Amin had been in the States only a few years. He had entered the United States legally, possibly by virtue of a marriage confirmed by friends and law-enforcement sources, but the terms of his welcome had expired. Even Rahman knew he used an alias. His real name was Ajmal Hashemi.
Rahman had taken note of Amin’s handsome features when she first saw him waiting tables at the Afghan Kabob Restaurant in Springfield. Sparks flew, and she told her friends she thought their server was cute. Rahman’s interest in romance thrilled her friends. Rahman was shy and had never had a boyfriend. “For us it was, ‘Oh, finally! She finally thinks someone’s cute,’” a friend says.
An aunt, who was less conservative than Rahman’s parents, knew Amin and offered to set them up, according to a friend. It took several weeks, but pretty soon a romance blossomed. They were as much of a couple as they could be without telling Rahman’s parents or many of their friends or relatives. Amin’s career prospects improved soon as well. He got a job selling used cars at Autoquest of Stafford.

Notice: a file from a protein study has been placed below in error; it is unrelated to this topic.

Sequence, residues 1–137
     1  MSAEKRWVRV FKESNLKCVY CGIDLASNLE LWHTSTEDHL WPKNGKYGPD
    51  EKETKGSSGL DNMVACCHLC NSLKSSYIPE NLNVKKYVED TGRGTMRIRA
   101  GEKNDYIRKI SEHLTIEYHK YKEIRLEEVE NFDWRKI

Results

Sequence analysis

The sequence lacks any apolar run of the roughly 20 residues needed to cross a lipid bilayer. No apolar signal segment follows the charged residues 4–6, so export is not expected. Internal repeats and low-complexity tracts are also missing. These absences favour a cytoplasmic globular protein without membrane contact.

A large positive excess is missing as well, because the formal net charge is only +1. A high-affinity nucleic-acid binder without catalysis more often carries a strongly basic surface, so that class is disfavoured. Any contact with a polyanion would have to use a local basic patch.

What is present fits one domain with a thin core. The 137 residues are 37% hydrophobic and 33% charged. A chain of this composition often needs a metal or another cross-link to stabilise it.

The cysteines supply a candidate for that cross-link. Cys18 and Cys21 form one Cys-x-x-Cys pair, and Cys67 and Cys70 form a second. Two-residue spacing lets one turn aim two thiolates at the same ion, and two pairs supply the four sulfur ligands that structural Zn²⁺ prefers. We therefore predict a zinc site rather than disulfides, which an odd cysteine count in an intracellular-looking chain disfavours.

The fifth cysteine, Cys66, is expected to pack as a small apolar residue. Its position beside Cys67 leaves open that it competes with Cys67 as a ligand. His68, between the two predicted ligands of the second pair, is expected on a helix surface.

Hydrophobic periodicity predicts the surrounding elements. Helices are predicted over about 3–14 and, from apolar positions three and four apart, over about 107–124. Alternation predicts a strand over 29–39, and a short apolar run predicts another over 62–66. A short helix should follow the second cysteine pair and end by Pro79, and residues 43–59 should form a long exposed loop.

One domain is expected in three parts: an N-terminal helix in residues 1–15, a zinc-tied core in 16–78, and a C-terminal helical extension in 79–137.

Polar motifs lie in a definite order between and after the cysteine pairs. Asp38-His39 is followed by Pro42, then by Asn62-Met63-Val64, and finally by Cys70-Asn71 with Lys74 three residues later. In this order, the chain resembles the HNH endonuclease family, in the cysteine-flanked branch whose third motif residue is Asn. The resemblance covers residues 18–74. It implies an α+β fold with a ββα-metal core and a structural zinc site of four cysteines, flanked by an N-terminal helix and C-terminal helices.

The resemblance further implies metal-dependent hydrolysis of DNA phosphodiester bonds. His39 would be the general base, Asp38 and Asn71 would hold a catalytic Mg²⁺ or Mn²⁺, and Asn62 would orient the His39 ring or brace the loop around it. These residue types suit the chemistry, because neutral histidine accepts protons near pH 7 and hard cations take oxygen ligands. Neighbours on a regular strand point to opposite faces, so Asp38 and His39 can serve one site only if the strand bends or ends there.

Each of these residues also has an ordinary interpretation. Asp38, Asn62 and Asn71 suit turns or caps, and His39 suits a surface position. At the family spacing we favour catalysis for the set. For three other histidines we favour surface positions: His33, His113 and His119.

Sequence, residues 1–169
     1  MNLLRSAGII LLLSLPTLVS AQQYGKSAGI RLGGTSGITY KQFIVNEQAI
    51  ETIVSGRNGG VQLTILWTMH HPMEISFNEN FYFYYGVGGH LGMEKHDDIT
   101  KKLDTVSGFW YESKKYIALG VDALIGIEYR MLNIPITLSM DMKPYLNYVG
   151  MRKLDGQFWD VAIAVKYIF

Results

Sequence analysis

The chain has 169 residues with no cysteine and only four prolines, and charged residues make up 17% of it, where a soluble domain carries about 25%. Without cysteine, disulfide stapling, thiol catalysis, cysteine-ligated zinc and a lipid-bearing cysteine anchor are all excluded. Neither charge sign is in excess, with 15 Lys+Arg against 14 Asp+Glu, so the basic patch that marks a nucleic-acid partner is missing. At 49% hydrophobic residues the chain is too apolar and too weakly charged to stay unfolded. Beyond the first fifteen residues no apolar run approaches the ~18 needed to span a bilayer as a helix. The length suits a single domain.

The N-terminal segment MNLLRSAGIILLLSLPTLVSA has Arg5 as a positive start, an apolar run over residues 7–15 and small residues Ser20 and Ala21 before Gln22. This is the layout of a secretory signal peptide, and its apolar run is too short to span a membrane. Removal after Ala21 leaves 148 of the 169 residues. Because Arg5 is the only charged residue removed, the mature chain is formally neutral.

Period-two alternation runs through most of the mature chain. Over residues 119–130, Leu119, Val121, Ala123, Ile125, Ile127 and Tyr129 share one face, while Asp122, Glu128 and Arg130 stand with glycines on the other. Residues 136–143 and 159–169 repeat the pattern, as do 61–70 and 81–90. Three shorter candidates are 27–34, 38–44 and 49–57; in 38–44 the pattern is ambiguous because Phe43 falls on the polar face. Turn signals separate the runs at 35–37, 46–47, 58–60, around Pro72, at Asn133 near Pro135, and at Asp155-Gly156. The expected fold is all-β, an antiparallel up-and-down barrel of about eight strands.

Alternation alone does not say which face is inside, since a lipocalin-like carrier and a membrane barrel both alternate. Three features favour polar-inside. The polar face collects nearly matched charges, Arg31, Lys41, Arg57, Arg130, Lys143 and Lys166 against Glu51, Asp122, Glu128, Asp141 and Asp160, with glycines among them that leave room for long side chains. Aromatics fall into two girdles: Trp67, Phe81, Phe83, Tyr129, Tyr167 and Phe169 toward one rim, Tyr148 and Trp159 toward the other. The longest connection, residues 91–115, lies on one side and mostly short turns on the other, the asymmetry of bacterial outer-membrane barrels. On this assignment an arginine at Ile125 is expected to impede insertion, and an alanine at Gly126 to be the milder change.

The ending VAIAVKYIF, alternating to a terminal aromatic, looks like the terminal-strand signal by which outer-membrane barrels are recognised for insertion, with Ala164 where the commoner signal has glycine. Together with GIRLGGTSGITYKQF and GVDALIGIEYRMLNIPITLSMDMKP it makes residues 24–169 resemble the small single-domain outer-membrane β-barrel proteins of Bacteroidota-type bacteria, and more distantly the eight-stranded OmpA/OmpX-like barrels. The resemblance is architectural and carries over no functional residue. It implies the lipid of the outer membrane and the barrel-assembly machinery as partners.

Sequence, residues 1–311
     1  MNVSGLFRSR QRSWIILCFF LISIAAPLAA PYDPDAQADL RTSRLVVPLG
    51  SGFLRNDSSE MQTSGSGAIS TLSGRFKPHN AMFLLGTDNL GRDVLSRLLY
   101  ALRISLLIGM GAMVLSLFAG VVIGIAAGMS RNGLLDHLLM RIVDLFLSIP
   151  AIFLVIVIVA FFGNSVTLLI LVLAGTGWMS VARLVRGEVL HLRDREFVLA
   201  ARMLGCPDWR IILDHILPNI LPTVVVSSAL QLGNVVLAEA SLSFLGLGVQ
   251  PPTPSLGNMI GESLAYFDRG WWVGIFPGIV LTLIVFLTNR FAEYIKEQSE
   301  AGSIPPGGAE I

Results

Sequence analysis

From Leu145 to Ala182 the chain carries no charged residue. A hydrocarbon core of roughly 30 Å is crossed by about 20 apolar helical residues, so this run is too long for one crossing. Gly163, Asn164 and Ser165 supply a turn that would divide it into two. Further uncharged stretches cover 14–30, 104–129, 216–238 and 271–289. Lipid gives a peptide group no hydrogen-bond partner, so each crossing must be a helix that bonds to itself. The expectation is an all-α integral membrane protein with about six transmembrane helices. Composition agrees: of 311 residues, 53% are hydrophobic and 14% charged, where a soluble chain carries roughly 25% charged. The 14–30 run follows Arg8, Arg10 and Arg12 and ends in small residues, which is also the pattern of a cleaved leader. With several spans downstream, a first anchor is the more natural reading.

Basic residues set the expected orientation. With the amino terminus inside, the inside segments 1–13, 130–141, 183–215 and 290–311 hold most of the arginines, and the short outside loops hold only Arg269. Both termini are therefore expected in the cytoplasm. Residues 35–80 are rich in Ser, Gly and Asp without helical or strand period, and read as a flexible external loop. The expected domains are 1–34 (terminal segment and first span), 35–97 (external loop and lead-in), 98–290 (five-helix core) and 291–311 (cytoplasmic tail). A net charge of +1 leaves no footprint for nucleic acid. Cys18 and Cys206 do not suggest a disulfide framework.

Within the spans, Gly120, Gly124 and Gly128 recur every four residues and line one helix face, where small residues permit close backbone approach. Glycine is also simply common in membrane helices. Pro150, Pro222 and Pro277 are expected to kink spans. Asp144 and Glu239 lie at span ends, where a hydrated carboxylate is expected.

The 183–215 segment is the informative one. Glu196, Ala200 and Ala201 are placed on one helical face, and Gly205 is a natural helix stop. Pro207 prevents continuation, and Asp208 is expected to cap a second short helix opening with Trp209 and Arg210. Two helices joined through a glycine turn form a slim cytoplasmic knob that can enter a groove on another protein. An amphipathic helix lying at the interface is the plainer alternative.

But the relationship quickly became dysfunctional, according to friends. (Family members say they are not convinced Rahman and Amin actually dated.) Amin, who seemed sweet and introspective at first, lost his temper if he didn’t know where Rahman was and who she was with. If she went out to clubs in D.C., he’d call before 11 p.m. and convince her to head back to Virginia. Rahman told her friends he went out without her and lied about his own activities.
Rahman was not entirely open about the details of her relationsh ip. She spoke about Amin in oblique terms, hinting that she wanted to move on but couldn’t quite make that happen. Whenever his calls interrupted shopping trips at the mall or outings in D.C., Rahman would wander away to answer the phone and return distraught.